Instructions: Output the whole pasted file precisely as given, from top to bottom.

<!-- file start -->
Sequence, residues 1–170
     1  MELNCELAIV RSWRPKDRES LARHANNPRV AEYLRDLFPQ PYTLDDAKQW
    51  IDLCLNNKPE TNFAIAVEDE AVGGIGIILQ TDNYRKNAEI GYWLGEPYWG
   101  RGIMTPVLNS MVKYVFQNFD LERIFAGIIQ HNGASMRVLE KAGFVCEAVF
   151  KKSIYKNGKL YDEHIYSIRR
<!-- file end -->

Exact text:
Sequence, residues 1–170
     1  MELNCELAIV RSWRPKDRES LARHANNPRV AEYLRDLFPQ PYTLDDAKQW
    51  IDLCLNNKPE TNFAIAVEDE AVGGIGIILQ TDNYRKNAEI GYWLGEPYWG
   101  RGIMTPVLNS MVKYVFQNFD LERIFAGIIQ HNGASMRVLE KAGFVCEAVF
   151  KKSIYKNGKL YDEHIYSIRR